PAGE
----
According to Virgin Orbit, yesterday’s historic orbital launch attempt from its Cornwall Spaceport— a first within the UK—made “numerous significant first-time achievements” and represented an “important step forward” for the small satellite launch service.
Many viewers of the private company’s launch livestream beg to differ, however, noting the LauncherOne rocket system’s wholesale failure to reach its low Earth orbital goal to deliver its nine payloads.
In fact, Ars Technica described Virgin Orbit’s mishap as not only wholesale communications and logistical failures, but a “devastating launch failure” setback. Some financial analysts even argue that the event could portend the beginning of the end for the financially struggling subset of billionaire Sir Richard Branson’s Virgin Galactic enterprise.
According to multiple outlets, Monday’s event began smoothly off the coast of southwest Ireland. Shortly after taking off, a customized Boeing 747 jet named Cosmic Girl released Virgin Orbit’s 70-foot-long LauncherOne above a designated drop zone in what’s known as a horizontal launch, at which point the first stage rocket system successfully ignited. Following the completed burn, its upper stage rocket also burned as planned for roughly five minutes before LauncherOne entered a long coast.
From there, unfortunately, things got a bit murky. Despite the webcast’s telemetry readings showing a sudden, significant altitude drop, the livestream host chalked up the issue to potentially erratic readings. Soon after, Virgin Orbit’s official Twitter account tweeted that its rocket and nine payloads successfully reached orbit. Around 35 minutes after the initial launch, Virgin Orbit then tweeted, “We appear to have an anomaly that has prevented us from reaching orbit. We are evaluating the information,” while scrubbing its earlier announcement of success. As Ars Technica notes, the live stream continued for another half an hour without further explanation or clarification regarding the failures. The Boeing 747 crew meanwhile returned safely back to Earth.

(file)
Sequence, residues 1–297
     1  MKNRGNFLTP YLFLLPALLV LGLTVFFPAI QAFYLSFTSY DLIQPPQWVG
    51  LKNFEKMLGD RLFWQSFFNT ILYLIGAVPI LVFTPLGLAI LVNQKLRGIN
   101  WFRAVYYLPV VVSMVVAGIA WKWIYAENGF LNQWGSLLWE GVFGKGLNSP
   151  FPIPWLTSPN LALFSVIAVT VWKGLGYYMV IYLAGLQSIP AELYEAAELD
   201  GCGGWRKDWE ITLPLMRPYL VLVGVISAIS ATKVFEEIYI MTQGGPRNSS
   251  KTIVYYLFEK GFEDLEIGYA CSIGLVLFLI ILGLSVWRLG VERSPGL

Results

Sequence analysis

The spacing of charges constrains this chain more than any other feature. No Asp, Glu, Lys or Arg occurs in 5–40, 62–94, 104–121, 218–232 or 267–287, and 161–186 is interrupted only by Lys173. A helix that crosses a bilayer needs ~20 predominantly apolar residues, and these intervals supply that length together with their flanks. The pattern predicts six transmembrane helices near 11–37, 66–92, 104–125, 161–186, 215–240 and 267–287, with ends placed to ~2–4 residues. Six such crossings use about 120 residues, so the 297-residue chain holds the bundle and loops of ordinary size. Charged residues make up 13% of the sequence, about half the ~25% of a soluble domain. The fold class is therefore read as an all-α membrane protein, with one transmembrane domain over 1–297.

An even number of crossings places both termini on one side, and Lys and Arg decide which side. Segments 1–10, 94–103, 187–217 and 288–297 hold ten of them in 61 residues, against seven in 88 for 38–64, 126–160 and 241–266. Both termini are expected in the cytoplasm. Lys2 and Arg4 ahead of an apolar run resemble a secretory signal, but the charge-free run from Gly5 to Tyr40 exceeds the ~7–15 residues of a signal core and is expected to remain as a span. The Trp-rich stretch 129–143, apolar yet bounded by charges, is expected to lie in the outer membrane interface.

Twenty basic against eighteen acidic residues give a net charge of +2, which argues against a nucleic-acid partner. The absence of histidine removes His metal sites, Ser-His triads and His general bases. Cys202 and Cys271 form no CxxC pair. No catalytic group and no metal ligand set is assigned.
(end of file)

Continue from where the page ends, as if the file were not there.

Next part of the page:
It is still unclear what exactly went wrong for the long-touted “Start Me Up” mission, named after the 1981 song from The Rolling Stones. The UK launch was supposed to be a major milestone for the country, with tickets for viewing the takeoff reportedly selling out faster than the nation’s annual major music festival, Glastonbury. An estimated 2,500 people attended, alongside UK government officials. Virgin Orbit’s previous four launches, while all successful, occurred stateside for the US-based company. Monday’s Cornwall Spaceport mission was meant to be the first in an expanding line of UK-based projects.
“As a country, we build more satellites than anywhere else outside of the US. So it helps to develop an end-to-end capability so that we can do everything, ” Ian Annett, deputy CEO of the UK Space Agency, said in a pre-launch press briefing on Sunday.
“Though the mission did not achieve its final orbit, by reaching space and achieving numerous significant first-time achievements, it represents an important step forward,” reads Virgin Orbit’s official press release following the failure. Two other similar Virgin Orbit spaceports in Scotland are nearing final preparations for their own respective micro-launches later this year, although it remains to be seen how this week’s disaster affects those plans. As of writing, the company’s stock price was down almost 17 percent.